Locally Child Cancer has already received $46,000 over the years, with $5000 raised this year alone.

New Plymouth District Council chief executive and former national marathon runner Barbara McKerrow fully supports the race's future.

Having competed at a national and international level for both New Zealand and Australia, McKerrow knows what it takes to run a fast time.

"For a serious runner wanting a good time on their records, the mountain to surf has the reputation for that," she said.

"It's harder to achieve than people think, though, and you have to be very fit to do well on the course because it's hard on the legs."

Running is now done for health and happiness rather than competition but McKerrow credits the Taranaki marathon with inspiring her to take up the challenge of running.

"I started running in the 1980s and was just jogging around the park really when my husband and friends started training for the mountain to surf," she said.

"It inspired me to take it on and the third marathon I ran was the mountain to surf. It was the first time I broke three hours."

The third time McKerrow competed in the race she won it after placing third the year before when she entered it as a training run and unexpectedly finished on the podium.

"I was training for the Christchurch marathon and foolishly decided to do it as a training run but found myself going for it and finished third. It ruined me for Christchurch," she said.

At her peak in the 1980s, Barbara was clocking more than 160km a week.

Looking around the world any successful major sporting event is professionally run by some form of management.

"It's hard for volunteers to build to that level and I don't see any reason why this race can't become a real iconic event on the calendar," she said.

"Taranaki is a beautiful place and nowhere else is a race run with the mountain and surf concept."

There was a perception Taranaki was just that little bit too far to travel to.

"It just needs a bit more marketing and selling as something more than just a race but an entire weekend in Taranaki and showcasing what we have."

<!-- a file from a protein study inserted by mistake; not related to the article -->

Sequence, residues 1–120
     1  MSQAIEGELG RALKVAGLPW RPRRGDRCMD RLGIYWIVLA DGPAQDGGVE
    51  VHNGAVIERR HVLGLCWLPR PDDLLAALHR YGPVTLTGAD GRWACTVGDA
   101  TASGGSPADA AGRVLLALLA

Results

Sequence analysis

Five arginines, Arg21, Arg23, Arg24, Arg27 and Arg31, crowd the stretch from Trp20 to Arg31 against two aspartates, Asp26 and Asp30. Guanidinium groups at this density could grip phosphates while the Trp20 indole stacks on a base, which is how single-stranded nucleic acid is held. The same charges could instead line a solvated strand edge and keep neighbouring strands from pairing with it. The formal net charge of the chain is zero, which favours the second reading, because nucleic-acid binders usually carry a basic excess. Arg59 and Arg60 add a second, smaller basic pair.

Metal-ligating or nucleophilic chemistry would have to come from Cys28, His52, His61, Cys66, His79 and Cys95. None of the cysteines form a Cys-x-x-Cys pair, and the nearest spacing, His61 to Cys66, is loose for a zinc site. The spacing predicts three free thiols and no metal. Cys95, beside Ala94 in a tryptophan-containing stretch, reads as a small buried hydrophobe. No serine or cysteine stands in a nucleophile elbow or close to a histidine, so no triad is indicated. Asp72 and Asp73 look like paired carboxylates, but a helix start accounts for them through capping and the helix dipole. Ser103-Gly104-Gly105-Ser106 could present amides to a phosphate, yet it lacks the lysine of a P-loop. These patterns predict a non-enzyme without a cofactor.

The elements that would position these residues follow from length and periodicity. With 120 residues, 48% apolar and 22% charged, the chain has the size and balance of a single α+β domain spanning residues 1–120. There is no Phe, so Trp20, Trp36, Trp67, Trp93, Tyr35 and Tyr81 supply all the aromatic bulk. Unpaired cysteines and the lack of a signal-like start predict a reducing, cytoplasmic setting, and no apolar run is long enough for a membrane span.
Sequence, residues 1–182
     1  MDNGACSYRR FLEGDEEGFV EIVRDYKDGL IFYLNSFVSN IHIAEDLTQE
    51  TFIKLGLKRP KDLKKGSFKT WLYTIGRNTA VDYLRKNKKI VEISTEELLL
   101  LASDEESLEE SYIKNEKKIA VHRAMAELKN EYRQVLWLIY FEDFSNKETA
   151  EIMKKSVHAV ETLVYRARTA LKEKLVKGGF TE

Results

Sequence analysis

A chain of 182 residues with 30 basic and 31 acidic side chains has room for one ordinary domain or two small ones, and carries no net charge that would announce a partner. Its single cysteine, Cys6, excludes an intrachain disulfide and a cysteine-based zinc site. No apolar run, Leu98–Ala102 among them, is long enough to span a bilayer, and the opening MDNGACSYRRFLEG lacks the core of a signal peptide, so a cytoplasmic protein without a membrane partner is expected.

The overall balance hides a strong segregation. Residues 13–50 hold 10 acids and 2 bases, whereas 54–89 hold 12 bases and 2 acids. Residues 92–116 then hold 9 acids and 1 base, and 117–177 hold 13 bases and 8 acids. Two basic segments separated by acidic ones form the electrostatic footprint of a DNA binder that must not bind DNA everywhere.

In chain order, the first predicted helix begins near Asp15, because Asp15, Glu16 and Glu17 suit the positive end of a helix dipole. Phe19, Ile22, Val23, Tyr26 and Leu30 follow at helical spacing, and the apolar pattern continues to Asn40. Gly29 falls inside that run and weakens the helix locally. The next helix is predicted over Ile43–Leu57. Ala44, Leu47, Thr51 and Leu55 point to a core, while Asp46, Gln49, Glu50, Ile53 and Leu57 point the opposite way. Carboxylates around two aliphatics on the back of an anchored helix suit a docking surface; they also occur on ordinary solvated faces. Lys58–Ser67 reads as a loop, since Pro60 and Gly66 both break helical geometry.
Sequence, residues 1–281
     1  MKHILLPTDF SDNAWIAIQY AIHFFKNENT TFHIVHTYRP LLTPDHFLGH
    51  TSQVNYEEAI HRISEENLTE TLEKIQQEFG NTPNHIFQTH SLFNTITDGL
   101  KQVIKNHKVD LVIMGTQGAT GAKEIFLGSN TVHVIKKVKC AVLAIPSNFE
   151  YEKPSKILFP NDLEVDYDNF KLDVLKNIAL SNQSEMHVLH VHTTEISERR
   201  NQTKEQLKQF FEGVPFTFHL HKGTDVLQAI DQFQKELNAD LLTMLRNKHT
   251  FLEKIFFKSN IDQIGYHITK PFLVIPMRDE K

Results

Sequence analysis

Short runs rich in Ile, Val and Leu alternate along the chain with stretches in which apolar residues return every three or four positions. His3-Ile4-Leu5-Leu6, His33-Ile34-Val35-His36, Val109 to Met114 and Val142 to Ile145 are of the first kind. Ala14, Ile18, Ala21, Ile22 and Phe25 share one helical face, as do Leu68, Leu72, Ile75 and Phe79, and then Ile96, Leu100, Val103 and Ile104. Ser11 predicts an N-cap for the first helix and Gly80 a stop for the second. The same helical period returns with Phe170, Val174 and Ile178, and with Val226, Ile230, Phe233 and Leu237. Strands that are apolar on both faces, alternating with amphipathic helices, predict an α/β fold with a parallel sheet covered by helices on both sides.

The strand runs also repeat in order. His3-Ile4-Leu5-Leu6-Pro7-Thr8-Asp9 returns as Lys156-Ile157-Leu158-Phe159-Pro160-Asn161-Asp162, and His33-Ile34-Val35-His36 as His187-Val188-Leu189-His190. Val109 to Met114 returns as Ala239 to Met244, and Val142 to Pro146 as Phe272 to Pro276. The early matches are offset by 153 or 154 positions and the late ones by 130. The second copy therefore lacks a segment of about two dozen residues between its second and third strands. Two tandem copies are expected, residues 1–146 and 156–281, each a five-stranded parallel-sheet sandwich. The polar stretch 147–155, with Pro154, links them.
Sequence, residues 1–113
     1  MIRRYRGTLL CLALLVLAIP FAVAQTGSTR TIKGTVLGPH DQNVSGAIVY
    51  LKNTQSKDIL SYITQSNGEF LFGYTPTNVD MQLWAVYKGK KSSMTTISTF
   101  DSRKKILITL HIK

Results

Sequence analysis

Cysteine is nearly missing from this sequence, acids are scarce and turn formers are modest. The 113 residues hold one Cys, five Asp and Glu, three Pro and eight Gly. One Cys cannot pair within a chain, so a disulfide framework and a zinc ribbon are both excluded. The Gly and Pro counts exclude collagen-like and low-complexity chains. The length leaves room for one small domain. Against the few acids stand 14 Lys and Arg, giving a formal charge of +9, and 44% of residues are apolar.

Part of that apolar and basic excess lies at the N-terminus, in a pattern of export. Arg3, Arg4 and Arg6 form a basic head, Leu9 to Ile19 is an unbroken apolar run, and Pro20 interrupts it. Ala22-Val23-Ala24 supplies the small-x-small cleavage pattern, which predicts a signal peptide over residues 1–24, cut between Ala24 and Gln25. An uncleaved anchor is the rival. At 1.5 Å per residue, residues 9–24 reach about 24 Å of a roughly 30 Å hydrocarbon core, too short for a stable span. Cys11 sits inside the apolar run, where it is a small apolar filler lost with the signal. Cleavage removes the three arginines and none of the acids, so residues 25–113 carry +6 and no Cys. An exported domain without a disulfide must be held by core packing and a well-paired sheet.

McKerrow says there are so many people who have put time, energy and passion into the event and they've been rewarded with the fantastic race they've created.

"I used to take running advice from people like Max and Gerald and they're really inspiring to have involved with the event."

Although the original course measured and marked by the Dravitzki's and their running buddies has had a few changes along the way, the principle of what they set out to achieve has remained.

Refinements were made to eliminate the National Park start and Big Jim's Hill end which proved too steep and hard on the legs.

An 850m loop in Inglewood down to the sale yards was introduced.

Both Gerald and Max have set some fast times on the course over the years.

"We're very proud of those times and a lot of them will last until Jesus comes," Gerald said.

Although the event is heading in a different direction, the brothers stand by their belief that runners have been spoilt by the high standard of organisation volunteers have provided over the years.

"The challenge for the new organiser will be to maintain that standard," Gerald said.

"We're very proud of the event we started and all of the best runners in the country have run it.

"We and a lot of others have put on an event that's enriched the lives of so many people and that gives you a really good feeling."

Taranaki Daily News